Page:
According to new research, a pipeline of disruptive technologies could transform our food systems, ecosystems, and human health, but attention to the enabling environment is needed to realize their potential.

In the next three decades, the world will need a 30–70% increase in food availability to meet the demand from an increasing population. In addition, the global food system will need to change profoundly if it is going to provide humanity with healthy food that is grown sustainably in ways that are not only resilient in the face of climate change but also do not surpass planetary boundaries.

Research to date on the future of our food systems has largely focused on incremental changes that are possible with existing technologies, but even that research found that incremental change will not be enough—we must radically transform our food systems. A new study led by the Commonwealth Scientific and Industrial Research Organisation (CSIRO) and the CGIAR Research Program on Climate Change, Agriculture and Food Security (CCAFS) published in Nature Food, offers insights into some disruptive, game-changing technologies that could make the difference for both people and the planet, as well as the social change needed to realize their potential. 

Investigating 75 emerging technologies, the international team of researchers, which included several IIASA scientists, identified an arsenal of highly promising options, many of them ready or near-ready. Their shortlist comprises technologies that not only contribute to a host of Sustainable Development Goals—climate action, reducing environmental impact, reducing poverty, and healthy food—but can also be tailored to a range of institutional and political contexts. The diverse pipeline spans the entire food value chain, from production and processing to consumption and waste management.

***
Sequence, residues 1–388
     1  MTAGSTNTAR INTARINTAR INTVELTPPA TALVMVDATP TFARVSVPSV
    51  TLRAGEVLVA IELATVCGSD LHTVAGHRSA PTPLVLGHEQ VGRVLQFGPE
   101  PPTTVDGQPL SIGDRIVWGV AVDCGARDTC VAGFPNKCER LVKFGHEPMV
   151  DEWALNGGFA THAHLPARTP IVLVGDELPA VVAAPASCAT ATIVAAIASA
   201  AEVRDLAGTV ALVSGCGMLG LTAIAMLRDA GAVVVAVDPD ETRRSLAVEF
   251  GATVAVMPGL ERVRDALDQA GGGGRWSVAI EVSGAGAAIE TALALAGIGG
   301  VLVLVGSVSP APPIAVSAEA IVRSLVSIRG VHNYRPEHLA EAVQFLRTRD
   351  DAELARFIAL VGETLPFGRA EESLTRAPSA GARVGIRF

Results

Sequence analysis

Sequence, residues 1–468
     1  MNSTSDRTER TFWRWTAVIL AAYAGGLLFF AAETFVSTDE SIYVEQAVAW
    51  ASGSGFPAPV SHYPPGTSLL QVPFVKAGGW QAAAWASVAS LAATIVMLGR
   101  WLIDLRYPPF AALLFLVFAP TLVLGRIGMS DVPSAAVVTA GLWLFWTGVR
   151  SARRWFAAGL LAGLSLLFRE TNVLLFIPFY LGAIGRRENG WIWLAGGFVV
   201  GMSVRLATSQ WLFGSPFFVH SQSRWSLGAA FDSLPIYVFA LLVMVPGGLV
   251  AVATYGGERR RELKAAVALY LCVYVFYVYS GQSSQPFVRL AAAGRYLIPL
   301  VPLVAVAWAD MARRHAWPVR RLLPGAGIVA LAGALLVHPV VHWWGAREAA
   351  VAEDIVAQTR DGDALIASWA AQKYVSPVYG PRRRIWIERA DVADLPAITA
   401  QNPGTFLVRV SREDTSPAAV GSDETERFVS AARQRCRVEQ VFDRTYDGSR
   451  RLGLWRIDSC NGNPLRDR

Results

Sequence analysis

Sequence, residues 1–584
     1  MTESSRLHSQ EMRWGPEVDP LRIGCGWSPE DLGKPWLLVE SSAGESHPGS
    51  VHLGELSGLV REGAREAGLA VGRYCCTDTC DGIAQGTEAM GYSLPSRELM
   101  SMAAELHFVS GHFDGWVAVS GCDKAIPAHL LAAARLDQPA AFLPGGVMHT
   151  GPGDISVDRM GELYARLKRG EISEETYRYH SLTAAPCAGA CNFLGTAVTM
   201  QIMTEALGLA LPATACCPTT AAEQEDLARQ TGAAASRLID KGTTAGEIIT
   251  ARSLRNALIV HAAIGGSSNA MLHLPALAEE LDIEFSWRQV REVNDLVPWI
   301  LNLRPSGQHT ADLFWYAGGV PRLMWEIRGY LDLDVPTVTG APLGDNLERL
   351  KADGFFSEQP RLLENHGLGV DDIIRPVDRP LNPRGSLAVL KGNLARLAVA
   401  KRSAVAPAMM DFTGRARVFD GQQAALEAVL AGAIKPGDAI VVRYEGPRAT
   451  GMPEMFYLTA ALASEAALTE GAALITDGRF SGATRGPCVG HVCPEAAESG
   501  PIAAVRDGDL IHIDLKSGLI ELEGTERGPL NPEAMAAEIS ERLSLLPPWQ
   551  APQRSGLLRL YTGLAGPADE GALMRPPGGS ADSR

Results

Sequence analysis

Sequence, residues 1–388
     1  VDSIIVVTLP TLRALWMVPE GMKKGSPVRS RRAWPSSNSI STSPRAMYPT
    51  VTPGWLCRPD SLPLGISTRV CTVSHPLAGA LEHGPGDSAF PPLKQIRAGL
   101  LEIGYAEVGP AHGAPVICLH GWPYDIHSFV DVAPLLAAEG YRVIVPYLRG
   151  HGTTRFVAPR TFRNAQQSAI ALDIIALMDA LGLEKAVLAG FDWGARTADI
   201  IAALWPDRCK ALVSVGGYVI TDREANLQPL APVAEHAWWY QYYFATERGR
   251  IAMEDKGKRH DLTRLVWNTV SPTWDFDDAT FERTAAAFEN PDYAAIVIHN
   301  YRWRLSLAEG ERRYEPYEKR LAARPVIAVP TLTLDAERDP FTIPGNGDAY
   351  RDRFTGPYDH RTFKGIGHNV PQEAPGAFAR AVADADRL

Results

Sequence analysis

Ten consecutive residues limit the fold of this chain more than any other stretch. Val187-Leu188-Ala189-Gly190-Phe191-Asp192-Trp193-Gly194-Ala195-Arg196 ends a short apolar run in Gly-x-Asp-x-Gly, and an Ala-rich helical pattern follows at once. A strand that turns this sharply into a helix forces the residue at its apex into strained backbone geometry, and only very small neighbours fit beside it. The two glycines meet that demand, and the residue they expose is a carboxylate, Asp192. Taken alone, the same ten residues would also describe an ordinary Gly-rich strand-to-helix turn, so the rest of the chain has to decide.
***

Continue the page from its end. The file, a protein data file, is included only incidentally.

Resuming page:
Some we are already familiar with, such as artificial meats, 3D printing, drones, “intelligent” materials, and vertical agriculture. Others require a bigger stretch of the imagination: nitrogen-fixing cereals that don’t need fertilizer, spreadable biodegradable polymers that conserve soil moisture, and feed for livestock produced from human sewage. While the study focuses on the potential benefits of these technologies, it acknowledges that there will be tradeoffs; and not only for the environment and human health—genetic modification of crops is already hotly debated. There is also the risk that unequal access to costly technologies across the globe could increase inequality. Transparency will be key to safeguarding against unintended negative social and environmental impacts, and appropriate policies and regulations are needed to ensure benefits are distributed fairly. 

According to the authors, building the social trust necessary for new technologies to take flight will be the foundation of transformative change. New technologies, and especially the more controversial ones, require investment and political support to get off the ground, which in turn requires public support. Dialogue is the first step to repairing the trust between science and society. 

“As many tech entrepreneurs see clearly, successful innovation requires a high failure rate and with a challenge this big and this complex, we will need to attack from all sides. So while many of these technologies could yet fail, investment in their development and testing is crucial to the future of our food systems,” said Mario Herrero, lead author and Chief Research Scientist at CSIRO. “Our research lays out what is needed to create the essential dialogue and the enabling environment that will accelerate the innovation we dearly need.”

Adapted from a press release prepared by CSIRO and CGIAR.


Herrero M, Thornton PK, Mason-D’Croz D, Palmer J, Benton TG, Bodirsky BL, Bogard JR, Hall A, et al. (2020). Innovation can accelerate the transition towards a sustainable food system. Nature Food DOI: 10.1038/s43016-020-0074-1


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